HKEY_LOCAL_MACHINE\Software\Microsoft\
        Windows NT\CurrentVersion\IniFileMapping

Windows NT keeps a cache for the IniFileMapping registry key. Calling WritePrivateProfileStringW with the value of all arguments set to NULL will cause Windows NT to refresh its cache of the IniFileMappingKey for the specified .INI file.

The Win32 Profile functions (Get/WriteProfile*, Get/WritePrivateProfile*) use the following steps to locate initialization information:

  1. Look in the registry for the name of the initialization file, say myfile.ini, under IniFileMapping:

    HKEY_LOCAL_MACHINE\Software\Microsoft\
            Windows NT\CurrentVersion\IniFileMapping\myfile.ini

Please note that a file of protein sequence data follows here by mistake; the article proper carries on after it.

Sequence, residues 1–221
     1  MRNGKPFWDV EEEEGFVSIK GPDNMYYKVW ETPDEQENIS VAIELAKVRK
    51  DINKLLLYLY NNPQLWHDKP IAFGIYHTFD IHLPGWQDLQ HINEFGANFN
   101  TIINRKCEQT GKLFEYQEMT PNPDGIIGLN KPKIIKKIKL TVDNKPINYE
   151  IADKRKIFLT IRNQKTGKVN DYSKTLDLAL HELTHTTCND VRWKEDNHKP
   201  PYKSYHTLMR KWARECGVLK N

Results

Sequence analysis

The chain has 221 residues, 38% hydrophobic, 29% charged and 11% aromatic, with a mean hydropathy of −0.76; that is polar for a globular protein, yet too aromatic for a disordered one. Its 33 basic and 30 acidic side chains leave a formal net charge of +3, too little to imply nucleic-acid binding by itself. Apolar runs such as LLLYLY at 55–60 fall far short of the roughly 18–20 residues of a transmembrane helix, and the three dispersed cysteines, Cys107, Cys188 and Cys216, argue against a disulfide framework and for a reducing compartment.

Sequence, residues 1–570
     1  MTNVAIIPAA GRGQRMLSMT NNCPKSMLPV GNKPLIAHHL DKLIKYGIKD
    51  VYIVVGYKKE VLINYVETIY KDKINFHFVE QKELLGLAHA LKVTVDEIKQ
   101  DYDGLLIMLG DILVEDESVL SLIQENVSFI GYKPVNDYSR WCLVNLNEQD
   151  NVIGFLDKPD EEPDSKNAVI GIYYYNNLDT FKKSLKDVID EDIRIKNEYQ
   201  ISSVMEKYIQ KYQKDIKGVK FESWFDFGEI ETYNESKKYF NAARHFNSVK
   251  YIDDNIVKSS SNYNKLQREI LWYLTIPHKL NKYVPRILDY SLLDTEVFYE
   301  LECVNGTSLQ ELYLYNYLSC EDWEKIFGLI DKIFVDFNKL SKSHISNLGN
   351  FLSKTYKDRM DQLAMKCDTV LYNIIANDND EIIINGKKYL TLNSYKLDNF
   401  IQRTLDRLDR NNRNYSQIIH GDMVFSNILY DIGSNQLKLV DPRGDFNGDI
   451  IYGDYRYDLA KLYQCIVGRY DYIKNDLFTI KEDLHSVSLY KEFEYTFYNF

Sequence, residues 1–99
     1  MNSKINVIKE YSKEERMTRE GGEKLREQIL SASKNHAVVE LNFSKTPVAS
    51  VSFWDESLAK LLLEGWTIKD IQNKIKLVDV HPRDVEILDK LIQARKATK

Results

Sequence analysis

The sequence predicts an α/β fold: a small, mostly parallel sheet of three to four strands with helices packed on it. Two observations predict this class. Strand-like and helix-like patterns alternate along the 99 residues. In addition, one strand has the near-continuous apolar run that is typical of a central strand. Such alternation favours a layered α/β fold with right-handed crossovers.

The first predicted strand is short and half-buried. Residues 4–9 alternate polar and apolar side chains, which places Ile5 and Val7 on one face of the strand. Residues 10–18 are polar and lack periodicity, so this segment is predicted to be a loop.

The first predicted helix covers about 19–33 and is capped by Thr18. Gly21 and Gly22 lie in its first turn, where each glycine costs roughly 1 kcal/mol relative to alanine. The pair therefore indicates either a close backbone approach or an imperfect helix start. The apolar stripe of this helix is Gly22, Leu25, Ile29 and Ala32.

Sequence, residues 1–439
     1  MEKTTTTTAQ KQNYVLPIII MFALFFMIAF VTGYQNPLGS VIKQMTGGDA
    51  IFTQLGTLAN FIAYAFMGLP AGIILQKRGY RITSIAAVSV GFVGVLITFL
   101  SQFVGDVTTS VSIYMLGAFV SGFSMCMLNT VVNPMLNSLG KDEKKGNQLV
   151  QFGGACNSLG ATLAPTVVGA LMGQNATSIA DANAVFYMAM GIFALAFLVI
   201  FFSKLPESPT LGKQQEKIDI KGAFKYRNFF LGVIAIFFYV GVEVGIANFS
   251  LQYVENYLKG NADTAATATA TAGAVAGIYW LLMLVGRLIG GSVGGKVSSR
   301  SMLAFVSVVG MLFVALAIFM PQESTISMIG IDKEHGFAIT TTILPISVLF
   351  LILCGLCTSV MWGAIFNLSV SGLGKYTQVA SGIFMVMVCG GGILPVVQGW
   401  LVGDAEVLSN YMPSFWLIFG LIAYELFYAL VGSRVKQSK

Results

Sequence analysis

2. Look for the section name specified by lpAppName. This will be a named value under myfile.ini, or a subkey of myfile.ini, or will not exist.

  3. If the section name specified by lpAppName is a named value under myfile.ini, then that value specifies where in the registry you will find the keys for the section.

  4. If the section name specified by lpAppName is a subkey of myfile.ini, then named values under that subkey specify where in the registry you will find the keys for the section. If the key you are looking for does not exist as a named value, then there will be an unnamed value (shown as "<No Name>") that specifies the default location in the registry where you will find the key.